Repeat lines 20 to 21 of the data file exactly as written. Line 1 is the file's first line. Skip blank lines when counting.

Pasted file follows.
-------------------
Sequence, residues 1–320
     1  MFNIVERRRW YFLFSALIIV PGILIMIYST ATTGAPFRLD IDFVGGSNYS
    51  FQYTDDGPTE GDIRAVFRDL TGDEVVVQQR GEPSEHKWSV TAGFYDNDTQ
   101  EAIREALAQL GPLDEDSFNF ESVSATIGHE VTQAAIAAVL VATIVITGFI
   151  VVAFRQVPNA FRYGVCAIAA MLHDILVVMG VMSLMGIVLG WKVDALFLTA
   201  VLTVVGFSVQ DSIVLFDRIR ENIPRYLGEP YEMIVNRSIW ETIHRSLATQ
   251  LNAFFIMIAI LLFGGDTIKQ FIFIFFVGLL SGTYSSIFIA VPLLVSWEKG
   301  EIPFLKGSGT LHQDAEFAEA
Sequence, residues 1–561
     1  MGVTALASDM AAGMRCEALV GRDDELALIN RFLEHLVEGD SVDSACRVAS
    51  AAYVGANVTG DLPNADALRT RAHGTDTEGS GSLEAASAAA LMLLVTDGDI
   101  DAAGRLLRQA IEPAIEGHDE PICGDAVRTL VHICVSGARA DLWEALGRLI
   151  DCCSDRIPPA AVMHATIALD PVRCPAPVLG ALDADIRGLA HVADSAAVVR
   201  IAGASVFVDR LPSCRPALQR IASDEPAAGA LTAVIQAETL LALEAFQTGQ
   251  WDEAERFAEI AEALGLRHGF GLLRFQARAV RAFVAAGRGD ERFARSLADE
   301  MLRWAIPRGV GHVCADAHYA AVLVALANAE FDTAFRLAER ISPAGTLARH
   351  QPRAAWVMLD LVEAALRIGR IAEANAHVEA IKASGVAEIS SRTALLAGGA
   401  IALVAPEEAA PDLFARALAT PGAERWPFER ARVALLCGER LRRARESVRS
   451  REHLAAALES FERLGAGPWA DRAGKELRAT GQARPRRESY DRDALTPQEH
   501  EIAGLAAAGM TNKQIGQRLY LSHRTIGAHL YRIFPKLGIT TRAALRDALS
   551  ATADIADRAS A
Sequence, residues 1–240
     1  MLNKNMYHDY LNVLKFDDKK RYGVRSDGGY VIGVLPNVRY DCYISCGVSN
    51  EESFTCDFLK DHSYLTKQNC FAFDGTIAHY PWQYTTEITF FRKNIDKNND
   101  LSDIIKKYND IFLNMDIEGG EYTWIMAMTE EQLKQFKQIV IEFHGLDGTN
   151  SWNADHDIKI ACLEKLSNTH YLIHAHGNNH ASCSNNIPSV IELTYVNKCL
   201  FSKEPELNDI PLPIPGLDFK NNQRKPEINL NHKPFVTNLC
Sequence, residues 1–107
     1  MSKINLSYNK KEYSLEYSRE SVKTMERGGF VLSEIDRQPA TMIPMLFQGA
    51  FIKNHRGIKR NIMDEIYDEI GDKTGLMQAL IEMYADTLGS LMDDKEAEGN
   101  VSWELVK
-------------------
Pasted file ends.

   501  EIAGLAAAGM TNKQIGQRLY LSHRTIGAHL YRIFPKLGIT TRAALRDALS
   551  ATADIADRAS A